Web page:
“Our life is going to change very quickly with technology now,” Kemp said. “When you think about five years from now or even 10 years from now, when we’re really having self-driving cars or we have self-driving trucks, what’s that going to do to the volume of vehicles on our roads if you could have more trucks traveling at night versus during the day?

“What other kinds of innovation are we going to have? Everybody talks about expanding MARTA and high-speed rail, but there’s innovative things like the hyperloop out there that could make all those obsolete if they actually come forth and actually work.”

"Casey Cagle Announces 2018 Gubernatorial Bid" (GeorgiaPol.com)
https://www.georgiapol.com/2017/05/0...rnatorial-bid/


"Georgia 2018: Cagle opens campaign with show of force" (Atlanta Journal-Constitution/Political Insider)
Georgia 2018: Cagle opens campaign with show of force | Political Insider blog
Quote:
Republican Casey Cagle opened his campaign for governor with a show of force designed to send a message that he’s the candidate to beat in the 2018 race.

The lieutenant governor’s speech Sunday to 800 supporters at a concert-turned-rally echoed many of the same policy platforms that he rolled out in an AJC interview a few days earlier. But the tone and the style of the campaign roll-out also sent a signal about how he’ll orchestrate his bid to succeed a term-limited Nathan Deal.

There were prominent speaking roles for his wife Nita and son Jared, a clear signal the campaign isn’t afraid to deploy them as surrogates.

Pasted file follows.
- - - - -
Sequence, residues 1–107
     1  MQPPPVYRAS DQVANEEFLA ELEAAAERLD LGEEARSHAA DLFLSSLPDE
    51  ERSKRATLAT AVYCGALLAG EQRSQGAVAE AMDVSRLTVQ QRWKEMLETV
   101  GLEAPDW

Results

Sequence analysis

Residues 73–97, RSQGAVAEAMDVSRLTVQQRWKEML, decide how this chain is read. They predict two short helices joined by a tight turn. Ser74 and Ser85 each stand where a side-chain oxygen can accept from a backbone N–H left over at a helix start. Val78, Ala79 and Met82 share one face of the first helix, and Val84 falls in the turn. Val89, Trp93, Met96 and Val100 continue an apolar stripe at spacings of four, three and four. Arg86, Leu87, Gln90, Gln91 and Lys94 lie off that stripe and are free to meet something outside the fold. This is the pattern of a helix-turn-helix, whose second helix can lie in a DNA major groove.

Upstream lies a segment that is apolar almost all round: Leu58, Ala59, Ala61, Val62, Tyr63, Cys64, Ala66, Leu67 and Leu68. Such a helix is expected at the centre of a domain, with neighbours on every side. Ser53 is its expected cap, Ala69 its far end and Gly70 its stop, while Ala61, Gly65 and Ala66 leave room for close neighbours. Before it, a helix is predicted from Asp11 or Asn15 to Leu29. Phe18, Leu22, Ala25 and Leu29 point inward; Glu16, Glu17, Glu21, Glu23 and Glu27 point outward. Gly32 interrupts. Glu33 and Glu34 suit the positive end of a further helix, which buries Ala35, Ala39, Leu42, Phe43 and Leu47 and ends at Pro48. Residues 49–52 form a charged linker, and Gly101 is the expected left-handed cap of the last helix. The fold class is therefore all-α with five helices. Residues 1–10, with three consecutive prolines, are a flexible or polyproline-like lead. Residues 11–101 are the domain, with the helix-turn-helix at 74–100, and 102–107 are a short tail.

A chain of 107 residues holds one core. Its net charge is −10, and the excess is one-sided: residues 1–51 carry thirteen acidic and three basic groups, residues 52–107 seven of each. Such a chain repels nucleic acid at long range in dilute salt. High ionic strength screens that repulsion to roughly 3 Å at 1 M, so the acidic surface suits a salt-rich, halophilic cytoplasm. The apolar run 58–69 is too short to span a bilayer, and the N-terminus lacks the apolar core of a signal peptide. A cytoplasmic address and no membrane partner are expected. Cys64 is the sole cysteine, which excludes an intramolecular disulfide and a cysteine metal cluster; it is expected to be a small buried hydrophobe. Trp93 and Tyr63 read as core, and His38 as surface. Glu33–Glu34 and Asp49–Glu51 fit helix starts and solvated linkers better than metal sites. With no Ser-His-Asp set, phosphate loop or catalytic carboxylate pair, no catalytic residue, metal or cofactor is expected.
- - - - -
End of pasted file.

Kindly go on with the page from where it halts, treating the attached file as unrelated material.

The audience was dotted with a range of Republican operatives, activists and office-holders, including most of the Senate GOP caucus. Nearly all of them were there to publicly endorse him.

And after a concert by two artists from Collective Soul, Cagle was introduced by Monica Kaufman Pearson, the former WSB-TV anchor and a lifelong Democrat who called Cagle a personal friend. Her presence sent a message that he already had his eye on a broader electorate.

Just as telling was what was missing from the event. Cagle’s speech had little of the base-pleasing red meat that’s typical at Georgia Republican rallies – and that he has routinely used in past elections. He made no mention of Democrats and steered clear of any reference to his Republican rivals aside from saying he would avoid attacking his challengers.

“I am not going to be running a campaign that’s going to tear someone else down,” he said, adding that candidates who focus on attacks “don’t have much.”

That pledge will surely be put to the test over the next 18 or so months. Cagle might be the presumptive front-runner, but his entrance in the race hasn’t cleared the field. Secretary of State Brian Kemp and state Sen. Hunter Hill are already in, and a half-dozen other GOP contenders are considering a run.

Cagle supporters are keeping a particularly close eye on two potential candidates.